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Sudden Cardiac Arrest and Early Detection with Remote Health Monitoring Device

Updated: Oct 28, 2021

By OnSky Health

As we age our heart rate changes, which can indicate a change in our overall health. A typical adult resting heart rate is between 60 and 100 beats per minute (BPM). Experts say that a healthy heart beats 60-80 times per minute. However, there are also cases where your heart rate is slower or faster than average. It is important to know what heart rate is normal for yourself and your loved ones to detect and act on any changes that could be life threatening.

Faster than normal heartbeat

There are many reasons why your heart beats faster than normal, such as exercise, drinking caffeinated beverages, stress, anxiety, high fever or hyperthyroidism. The use of alcohol, or other stimulants also increases your heart rate. When the heart rate is above 100 BPM at rest it is called tachycardia. If your resting heart rate is above 120 BPM, you should see a doctor as this could signify an abnormality.

Slower than normal heartbeat

Bradycardia is when the heart beats very slowly at rest (below 60 BPM). The heart is likened to a muscle mass. When you regularly exercise your heart muscle will get stronger and your resting heart rate may decrease. So even if your heart rate is reduced, the heart muscle will be strong enough to push enough blood through the body. For example, while it’s normal for an athlete to have a resting heart rate below 40 BPM, this indicator is abnormal for other people.

Heart arrhythmia

When the heart beats too fast (>100 BPM), too slow (<60 BPM), or with a skipping (irregular) rhythm, a person is said to have an arrhythmia. This disease is more common in men (70%) than women (30%). Arrhythmias, which occur when the heart's electrical impulses don't work properly, are classified based on three factors: frequency, ventricular and atrial dysfunction.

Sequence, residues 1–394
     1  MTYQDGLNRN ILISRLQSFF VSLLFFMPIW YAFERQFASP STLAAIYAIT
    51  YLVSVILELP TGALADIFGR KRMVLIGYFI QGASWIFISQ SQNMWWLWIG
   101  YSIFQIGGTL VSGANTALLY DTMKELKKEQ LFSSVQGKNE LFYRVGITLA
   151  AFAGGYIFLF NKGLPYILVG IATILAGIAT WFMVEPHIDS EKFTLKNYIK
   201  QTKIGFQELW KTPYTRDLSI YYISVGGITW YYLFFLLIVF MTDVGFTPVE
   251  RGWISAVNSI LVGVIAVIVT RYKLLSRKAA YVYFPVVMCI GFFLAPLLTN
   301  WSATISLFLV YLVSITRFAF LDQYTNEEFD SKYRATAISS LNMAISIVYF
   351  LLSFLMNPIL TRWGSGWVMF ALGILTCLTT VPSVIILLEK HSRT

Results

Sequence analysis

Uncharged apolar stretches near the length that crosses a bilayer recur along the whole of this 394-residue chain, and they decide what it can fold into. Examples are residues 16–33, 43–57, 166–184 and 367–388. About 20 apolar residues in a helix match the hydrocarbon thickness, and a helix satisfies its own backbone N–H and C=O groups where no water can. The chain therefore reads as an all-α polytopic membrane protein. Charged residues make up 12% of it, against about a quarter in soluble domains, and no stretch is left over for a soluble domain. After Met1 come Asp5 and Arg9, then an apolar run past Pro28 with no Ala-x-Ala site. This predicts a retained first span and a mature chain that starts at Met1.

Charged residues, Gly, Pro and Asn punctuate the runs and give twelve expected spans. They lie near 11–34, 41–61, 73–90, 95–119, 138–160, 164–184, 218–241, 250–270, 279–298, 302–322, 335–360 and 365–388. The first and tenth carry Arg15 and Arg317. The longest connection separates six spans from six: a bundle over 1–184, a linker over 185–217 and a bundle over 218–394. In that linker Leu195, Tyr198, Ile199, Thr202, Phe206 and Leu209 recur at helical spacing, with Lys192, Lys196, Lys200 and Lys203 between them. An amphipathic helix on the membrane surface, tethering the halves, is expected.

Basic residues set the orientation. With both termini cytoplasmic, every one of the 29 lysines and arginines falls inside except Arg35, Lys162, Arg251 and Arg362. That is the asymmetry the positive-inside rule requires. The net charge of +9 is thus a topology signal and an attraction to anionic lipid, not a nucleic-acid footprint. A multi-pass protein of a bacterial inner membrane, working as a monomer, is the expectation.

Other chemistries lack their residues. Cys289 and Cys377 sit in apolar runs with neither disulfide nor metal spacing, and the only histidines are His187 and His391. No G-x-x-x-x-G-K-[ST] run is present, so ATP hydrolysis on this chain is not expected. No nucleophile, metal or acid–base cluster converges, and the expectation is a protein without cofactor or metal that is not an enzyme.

Common types of arrhythmias:

  • Regular tachycardia: supraventricular tachycardia, ventricular tachycardia

  • Regular bradycardia: sinus node failure, atrioventricular block

  • Intermittent irregular rhythm: double beat, triple beat, etc.

  • Complete arrhythmia: atrial fibrillation

There are many causes of arrhythmia such as:

  • Psychological disorders, stress, strenuous labor, heavy use of stimulants

  • Cardiovascular diseases: Myocardial ischemia, heart valve diseases, myocarditis, congenital heart defects

  • High blood pressure, dyslipidemia, diabetes, obesity, hyperthyroidism, anemia, electrolyte disorders and drug use

Arrhythmia can be a manifestation of many dangerous diseases and can be life-threatening if not treated promptly. Some types of arrhythmias to watch for:

  • Atrial fibrillation

  • Ventricular tachycardia

  • Ventricular fibrillation

  • Heart failure

  • Stroke

Sudden cardiac arrest

Sudden cardiac arrest is a condition in which the heart suddenly and unexpectedly stops beating. Some types of arrhythmias can lead to sudden cardiac arrest, with the most common being a life-threatening abnormal heart rhythm called ventricular fibrillation. Additional conditions that cause sudden cardiac arrest include:

  • Coronary artery disease

  • Cardiomyopathy

  • Heart valve disease

  • Congenital heart disease

  • Acute myocarditis caused by bacteria, viruses, bacterial toxins, drugs, toxins

Other causes of cardiac arrest:

  • Shockwave

  • Drug overdose, drug poisoning, food poisoning

  • Severe bleeding (called hypovolemic shock) – loss of large amounts of blood

  • Hypoxia - occurs when the amount of oxygen in the body is severely reduced

When a person is in cardiac arrest, blood stops flowing to the brain and other vital organs. The patient may suddenly fall and become unconscious, unresponsive to verbal or painful stimuli, or experience abnormal or halted breathing. Early detection of these symptoms is critical for timely intervention and treatment—and may save the patient’s life.

SkyPad, a remote health monitoring system from OnSky Health, is designed to help with early detection of health indicators – such as a heart attack, cardiac arrest or stroke – that cause danger to the user's life. Powered by OnSky's proprietary "Contact-Free" sensor technology and AI & Machine Learning, SkyPad can continuously sense, measure and monitor user's vital signs and motions including heart rate, respiration rate, seizure and sleep quality without skin contact.

SkyPad is a connected health device that has the capability to continuously monitors and detects vital sign deterioration and abnormality. OnSky offers an optional emergency service called EDAS that can be used with SkyPad. EDAS supports detect early risks of many other complex diseases like: heart attack, stroke or obstructive sleep apnea, seizure, snoring.. In emergency situations, the system will send SMS messages and call user's family members or caregivers as first responders for intervention. These first responders will check on the user and contact 911 or health professionals to get help. Early detection and rapid intervention do save lives.

For further information about SkyPad, please visit OnSky Health website at .

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